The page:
5. Our house. When I walked into our house for the first time, it felt like I was coming home. A house so typical of the South: with pillars on the front porch, a screened-in back porch, an open living-concept, the fireplace with the mantle, framed by built-in book shelves that offer so much space for books, picture frames and random bits and pieces. And the golden appliances paired with the victorian-style wallpaper in the half bath add a very particular wow-factor to the overall picture.
  6. Listening to my kids speaking (D)English. These idiosyncratic word and sentence constructions make me laugh on a daily basis. And as a linguist they are music to my ears:
    Er hat pretended aufs dry erase board zu painten.
    Wir metten alle in Deutschland.
    Who wants to take a shower? Me not.
    Up higher. Noch up higher.
    Bürgersteig ist so lustig weil da ist ein Burger drin.
    We are in 2 minutes there.
  7. Christmas in our own house. It’s usually only us (and the grandparents), no further obligations that we need to meet. No stress. A perfect and real (!) Christmas tree that is so big that it touches the ceiling. After church service on Christmas Eve we celebrate our German version of Christmas, with the German Weihnachtsmann knocking at the door and leaving a big bag full of presents on our doorsteps. The next morning the kids rush downstairs to check whether American Santa Clause put a little something in their stockings that are hanging from the mantle. To me this is the perfect mix of German and American traditions.
  8. My blog. Before I started my blog, I struggled with my role as the non-working expat partner and stay-at-home-mom who organizes the daily life with two little kids. I wanted more than that. I wanted to put my creativity, my curiosity, my knowledge to use and not hide them somewhere in the back of my brain. I’ve been blogging for two years now and it’s been a very rewarding and fulfilling journey. Every day I learn a new skill, meet new people on- and offline and became part of a global expat and blogger community that I inspires me.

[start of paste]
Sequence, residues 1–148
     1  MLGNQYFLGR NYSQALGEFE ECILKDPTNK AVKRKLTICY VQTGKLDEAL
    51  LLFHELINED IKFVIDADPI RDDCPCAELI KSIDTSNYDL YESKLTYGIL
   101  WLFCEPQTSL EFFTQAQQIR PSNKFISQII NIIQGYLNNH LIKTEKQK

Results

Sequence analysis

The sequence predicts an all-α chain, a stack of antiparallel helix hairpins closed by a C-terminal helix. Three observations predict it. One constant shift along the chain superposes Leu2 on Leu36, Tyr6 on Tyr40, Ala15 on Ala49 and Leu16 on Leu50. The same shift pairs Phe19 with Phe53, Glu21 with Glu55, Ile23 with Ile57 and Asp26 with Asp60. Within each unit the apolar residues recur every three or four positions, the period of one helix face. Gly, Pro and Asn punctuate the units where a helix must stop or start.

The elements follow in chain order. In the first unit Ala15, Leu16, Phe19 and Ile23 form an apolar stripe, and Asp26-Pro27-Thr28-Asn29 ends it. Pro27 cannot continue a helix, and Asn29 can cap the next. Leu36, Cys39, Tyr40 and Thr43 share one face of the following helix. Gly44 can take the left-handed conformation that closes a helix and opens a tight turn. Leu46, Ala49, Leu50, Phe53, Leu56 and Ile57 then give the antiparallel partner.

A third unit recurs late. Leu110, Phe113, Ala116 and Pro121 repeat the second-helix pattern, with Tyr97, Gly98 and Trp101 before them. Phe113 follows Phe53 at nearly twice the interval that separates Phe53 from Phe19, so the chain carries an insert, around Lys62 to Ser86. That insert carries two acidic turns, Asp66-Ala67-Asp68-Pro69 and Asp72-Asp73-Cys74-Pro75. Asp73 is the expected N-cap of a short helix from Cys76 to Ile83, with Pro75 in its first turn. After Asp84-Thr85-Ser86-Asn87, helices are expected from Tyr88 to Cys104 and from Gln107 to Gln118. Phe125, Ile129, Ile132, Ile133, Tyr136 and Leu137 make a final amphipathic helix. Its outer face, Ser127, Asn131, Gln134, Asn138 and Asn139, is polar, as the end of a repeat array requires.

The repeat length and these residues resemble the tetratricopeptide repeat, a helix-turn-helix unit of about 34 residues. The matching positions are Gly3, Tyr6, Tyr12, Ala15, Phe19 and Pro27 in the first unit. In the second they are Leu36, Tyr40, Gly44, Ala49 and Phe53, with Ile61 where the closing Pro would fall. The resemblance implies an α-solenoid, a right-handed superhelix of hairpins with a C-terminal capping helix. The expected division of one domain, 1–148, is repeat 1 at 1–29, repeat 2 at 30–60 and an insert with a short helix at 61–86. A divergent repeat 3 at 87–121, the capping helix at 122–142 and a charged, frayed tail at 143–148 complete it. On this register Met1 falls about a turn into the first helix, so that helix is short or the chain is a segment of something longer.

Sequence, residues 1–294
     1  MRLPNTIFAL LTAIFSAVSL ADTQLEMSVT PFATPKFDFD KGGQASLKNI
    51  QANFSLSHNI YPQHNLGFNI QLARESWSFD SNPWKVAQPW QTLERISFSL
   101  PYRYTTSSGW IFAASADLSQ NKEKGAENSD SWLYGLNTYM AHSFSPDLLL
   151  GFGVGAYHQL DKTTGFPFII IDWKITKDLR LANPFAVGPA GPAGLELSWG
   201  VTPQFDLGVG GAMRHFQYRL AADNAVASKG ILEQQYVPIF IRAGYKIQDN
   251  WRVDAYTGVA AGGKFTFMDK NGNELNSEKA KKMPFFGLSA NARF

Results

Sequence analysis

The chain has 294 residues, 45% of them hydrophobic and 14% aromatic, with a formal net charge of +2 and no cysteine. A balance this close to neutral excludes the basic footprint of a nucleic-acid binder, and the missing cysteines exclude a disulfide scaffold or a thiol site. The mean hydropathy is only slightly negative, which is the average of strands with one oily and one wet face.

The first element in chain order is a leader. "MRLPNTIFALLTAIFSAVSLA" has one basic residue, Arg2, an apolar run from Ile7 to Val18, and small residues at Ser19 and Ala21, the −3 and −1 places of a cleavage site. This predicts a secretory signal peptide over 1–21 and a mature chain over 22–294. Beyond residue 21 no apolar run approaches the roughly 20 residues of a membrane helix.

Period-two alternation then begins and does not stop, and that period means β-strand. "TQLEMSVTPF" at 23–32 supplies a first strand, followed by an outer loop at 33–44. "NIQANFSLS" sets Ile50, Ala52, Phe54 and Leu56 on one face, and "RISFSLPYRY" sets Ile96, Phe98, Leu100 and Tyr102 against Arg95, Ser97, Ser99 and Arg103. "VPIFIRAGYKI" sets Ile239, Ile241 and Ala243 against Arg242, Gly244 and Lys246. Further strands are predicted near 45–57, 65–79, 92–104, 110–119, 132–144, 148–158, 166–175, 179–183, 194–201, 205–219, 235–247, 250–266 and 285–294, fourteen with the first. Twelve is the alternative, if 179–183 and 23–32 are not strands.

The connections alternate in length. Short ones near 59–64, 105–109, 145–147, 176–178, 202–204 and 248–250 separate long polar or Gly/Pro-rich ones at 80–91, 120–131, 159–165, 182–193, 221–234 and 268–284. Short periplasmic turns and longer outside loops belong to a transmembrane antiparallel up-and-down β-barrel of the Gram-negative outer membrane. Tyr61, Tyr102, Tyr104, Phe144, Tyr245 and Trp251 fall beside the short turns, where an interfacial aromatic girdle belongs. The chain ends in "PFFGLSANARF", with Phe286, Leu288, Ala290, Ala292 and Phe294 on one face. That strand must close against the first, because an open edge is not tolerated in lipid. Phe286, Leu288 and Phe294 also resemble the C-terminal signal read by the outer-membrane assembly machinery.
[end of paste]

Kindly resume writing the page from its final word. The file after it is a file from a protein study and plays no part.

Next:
9. Our trip to Disneyworld. Such a typical American thing, right? When we planned the trip we told ourselves that we were just doing it for the kids. So that they can meet Anna, Elsa and Mickey and have the time of their lives. Well, as it turned out we all had a truly magical time! We followed every piece of advice that our Disney-experienced friends as well as this great book gave us (e.g. for nap time we always went back to our hotel and relaxed in our room or at the pool). Plus we tried to not think twice about all the money we were spending.
  10. A very recent weekend filled with invitations from our wonderful American friends. If someone had told me that it would take a long time to make “real” American friends (at least in the German sense of what friendship means), I would not have believed it. But it’s true. There are many cultural and expat-related reasons that might explain this long process, but especially the coconut-peach-classification that we learned about during our intercultural training seems to be spot on.

Saying goodbye in a couple of weeks (!) is going to be so hard. So many memories, wonderful people, warm and welcoming encounters, positive experiences. And most importantly our kids’ early childhood memories will forever be connected to this wonderful place that we call home: Chattanooga. But – and here I’m quoting Winnie-the-Pooh – arent’ we “lucky to have something that makes saying goodbye so hard?”